New tech centre to help SMEs be more energy-efficient

It will also give SIT engineering students real-world experience in company projects

Singapore Institute of Technology engineering students Surian Raj, 26, Muhammad Firdaus Fawzi Laza, 27, and Clarabelle Chui, 23, are among those who will benefit from the new Energy Efficiency Technology Centre. ST PHOTO: LIM YAOHUI
Singapore Institute of Technology engineering students Surian Raj, 26, Muhammad Firdaus Fawzi Laza, 27, and Clarabelle Chui, 23, are among those who will benefit from the new Energy Efficiency Technology Centre. ST PHOTO: LIM YAOHUI

Small and medium-sized enterprises (SMEs) looking for ways to become more energy-efficient can soon tap expertise at a new tech centre which will help the firms assess how energy-efficient they are and how they can improve their energy performance.

The $5 million Energy Efficiency Technology Centre will be launched here by the end of this year, said Permanent Secretary for the Environment and Water Resources Albert Chua yesterday.

Besides providing SMEs with energy performance assessments, the centre will also serve as a training ground for developing energy assessment skills.

The centre will be hosted by the Singapore Institute of Technology (SIT).

It will let SIT's engineering undergraduates, as well as industry professionals, get hands-on experience working on real-life energy-efficiency projects for companies.

The first 20 participating SMEs will need to pay only $1,000 for each energy assessment.

Professor Lock Kai Sang, director of the centre and an engineering professor at SIT, said that the assessment will consist of evaluating equipment such as air compressors and steam systems, as well as processes in place over a period of two weeks.

He said: "SMEs lack financial resources and competent people to help them look into energy consumption, unlike bigger companies that can have their own dedicated energy manager."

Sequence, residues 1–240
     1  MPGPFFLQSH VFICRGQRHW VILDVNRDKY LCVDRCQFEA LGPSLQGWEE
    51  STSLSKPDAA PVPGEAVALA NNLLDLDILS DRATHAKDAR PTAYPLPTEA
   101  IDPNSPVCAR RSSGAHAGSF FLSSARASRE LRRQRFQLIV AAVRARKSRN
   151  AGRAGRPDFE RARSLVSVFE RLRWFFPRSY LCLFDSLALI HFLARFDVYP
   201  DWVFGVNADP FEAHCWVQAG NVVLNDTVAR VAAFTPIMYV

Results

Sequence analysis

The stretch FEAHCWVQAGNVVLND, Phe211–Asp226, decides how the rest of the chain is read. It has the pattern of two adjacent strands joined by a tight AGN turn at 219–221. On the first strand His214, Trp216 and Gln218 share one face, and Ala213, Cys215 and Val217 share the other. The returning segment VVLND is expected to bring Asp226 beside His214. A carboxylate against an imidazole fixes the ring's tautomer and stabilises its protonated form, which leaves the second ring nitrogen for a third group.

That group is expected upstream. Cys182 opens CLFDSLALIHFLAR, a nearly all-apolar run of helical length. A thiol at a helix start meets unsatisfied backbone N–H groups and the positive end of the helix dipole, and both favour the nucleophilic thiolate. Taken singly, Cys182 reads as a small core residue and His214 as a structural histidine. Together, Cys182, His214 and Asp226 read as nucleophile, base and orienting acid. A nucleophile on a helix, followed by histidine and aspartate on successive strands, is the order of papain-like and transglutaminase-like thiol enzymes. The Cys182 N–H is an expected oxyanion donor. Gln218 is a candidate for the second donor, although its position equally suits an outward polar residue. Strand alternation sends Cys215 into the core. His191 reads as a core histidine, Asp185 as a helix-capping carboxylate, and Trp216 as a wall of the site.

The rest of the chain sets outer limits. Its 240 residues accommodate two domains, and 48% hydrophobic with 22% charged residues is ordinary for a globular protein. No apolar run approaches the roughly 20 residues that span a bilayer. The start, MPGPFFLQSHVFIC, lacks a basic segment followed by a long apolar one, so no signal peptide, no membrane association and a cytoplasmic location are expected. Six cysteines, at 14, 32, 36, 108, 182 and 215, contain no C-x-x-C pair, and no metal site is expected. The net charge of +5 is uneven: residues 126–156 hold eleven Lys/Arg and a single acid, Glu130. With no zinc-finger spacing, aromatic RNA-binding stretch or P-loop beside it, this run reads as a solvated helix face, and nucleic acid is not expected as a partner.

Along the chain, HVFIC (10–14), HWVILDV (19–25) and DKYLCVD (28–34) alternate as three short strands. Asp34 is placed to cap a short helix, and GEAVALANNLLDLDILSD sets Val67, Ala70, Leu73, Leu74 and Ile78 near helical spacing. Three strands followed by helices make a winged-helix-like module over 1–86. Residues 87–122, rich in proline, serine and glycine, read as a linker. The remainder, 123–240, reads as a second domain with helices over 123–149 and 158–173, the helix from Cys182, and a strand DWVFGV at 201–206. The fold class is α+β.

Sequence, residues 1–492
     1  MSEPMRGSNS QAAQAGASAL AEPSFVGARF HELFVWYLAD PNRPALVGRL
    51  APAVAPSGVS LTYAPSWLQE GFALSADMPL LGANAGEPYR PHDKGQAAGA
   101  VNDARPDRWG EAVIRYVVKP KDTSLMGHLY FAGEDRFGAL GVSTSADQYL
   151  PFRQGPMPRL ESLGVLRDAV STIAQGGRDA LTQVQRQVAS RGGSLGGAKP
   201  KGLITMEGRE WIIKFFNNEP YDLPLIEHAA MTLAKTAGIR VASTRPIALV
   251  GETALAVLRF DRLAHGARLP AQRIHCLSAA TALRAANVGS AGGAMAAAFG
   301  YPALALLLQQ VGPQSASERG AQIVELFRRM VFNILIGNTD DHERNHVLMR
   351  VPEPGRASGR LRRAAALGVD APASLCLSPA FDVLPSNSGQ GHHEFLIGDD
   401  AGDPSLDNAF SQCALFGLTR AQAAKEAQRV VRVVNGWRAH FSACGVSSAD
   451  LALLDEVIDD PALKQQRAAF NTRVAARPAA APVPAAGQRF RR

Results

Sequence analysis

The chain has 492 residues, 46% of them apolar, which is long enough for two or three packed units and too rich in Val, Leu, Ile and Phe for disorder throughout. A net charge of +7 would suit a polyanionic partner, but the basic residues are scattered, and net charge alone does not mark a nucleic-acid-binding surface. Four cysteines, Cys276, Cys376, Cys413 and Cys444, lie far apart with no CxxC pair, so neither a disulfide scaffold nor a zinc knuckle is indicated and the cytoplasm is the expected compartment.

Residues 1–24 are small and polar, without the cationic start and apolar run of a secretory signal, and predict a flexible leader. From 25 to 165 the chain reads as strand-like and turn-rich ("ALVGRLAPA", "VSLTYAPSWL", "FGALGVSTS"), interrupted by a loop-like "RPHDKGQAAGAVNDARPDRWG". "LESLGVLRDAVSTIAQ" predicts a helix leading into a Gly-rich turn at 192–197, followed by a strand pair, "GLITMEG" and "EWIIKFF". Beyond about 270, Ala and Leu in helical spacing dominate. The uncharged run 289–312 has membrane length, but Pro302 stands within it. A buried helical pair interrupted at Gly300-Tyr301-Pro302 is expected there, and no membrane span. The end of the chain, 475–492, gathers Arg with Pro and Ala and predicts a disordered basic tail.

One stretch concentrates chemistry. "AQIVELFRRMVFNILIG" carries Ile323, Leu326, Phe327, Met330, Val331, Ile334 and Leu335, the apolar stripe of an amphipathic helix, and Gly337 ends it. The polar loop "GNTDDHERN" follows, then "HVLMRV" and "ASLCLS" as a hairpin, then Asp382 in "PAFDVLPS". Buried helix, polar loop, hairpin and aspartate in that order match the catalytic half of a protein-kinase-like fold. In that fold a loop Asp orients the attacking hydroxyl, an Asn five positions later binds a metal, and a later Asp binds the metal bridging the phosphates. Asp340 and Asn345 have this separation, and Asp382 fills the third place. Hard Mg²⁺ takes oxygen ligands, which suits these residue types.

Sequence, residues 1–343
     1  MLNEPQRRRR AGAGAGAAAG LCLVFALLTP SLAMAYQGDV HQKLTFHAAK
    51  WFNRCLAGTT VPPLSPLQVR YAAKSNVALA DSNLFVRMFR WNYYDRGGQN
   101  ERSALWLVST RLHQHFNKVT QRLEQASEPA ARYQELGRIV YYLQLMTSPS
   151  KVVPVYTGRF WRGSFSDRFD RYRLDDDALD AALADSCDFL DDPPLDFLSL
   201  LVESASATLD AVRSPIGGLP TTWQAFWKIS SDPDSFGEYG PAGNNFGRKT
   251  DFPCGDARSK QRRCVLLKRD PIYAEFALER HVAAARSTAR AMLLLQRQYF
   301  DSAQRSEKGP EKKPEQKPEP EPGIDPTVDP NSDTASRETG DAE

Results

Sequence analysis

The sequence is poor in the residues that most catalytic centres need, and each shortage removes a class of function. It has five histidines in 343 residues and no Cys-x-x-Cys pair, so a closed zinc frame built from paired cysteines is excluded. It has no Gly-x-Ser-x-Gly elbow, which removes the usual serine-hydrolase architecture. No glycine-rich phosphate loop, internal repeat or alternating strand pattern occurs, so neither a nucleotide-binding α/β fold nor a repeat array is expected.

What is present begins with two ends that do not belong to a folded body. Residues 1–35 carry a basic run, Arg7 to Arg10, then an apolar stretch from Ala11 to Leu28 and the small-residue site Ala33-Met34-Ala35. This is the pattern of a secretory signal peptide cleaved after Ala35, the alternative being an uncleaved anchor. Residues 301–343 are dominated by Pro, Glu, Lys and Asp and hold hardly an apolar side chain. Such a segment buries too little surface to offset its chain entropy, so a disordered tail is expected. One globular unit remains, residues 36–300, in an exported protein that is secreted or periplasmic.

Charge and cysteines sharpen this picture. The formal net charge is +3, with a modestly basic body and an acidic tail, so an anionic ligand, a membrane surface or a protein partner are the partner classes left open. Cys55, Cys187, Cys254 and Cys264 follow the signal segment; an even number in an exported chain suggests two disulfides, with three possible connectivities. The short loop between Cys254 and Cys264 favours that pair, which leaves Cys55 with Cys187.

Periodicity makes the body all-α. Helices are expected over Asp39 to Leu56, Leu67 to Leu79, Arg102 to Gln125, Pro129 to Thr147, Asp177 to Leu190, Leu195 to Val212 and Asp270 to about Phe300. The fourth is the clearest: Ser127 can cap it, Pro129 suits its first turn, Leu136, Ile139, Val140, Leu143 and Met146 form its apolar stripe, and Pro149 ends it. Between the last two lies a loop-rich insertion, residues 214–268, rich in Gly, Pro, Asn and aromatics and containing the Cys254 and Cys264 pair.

He added that bigger organisations can also engage energy service companies to do energy assessments, but this can be costly for smaller companies.

A one-off energy management assessment for a small manufacturing plant could cost around $30,000 on the market, noted Prof Lock.

A new Energy Management Information Systems grant, under the National Environment Agency's Energy Efficiency Fund, will also be launched to support companies in tracking real-time energy consumption down to the equipment level.

This will enable faster and more accurate detection of energy wastage.

The launch of the new centre, and the new grant to help industrial companies digitalise the way they monitor their energy performance, are among the latest initiatives by the Government to meet its carbon emission targets.

Under the Paris Agreement in 2015, Singapore has pledged to reduce its emission intensity by 36 per cent from 2005 levels by 2030.

Mr Chua made the announcement at the opening ceremony of the National Energy Efficiency Conference 2019 at the Max Atria @ Singapore Expo.

The two-day event, which started yesterday, will see more than 400 local and international energy efficiency professionals discuss energy management strategies.

SIT undergraduate Clarabelle Chui, 23, said that the centre will give students like her real-world exposure by letting them do building assessments in different industries.

"It adds on to what we have learnt, such as using simulation software to do energy calculations," she said.

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A version of this article appeared in the print edition of The Straits Times on October 04, 2019, with the headline New tech centre to help SMEs be more energy-efficient. Subscribe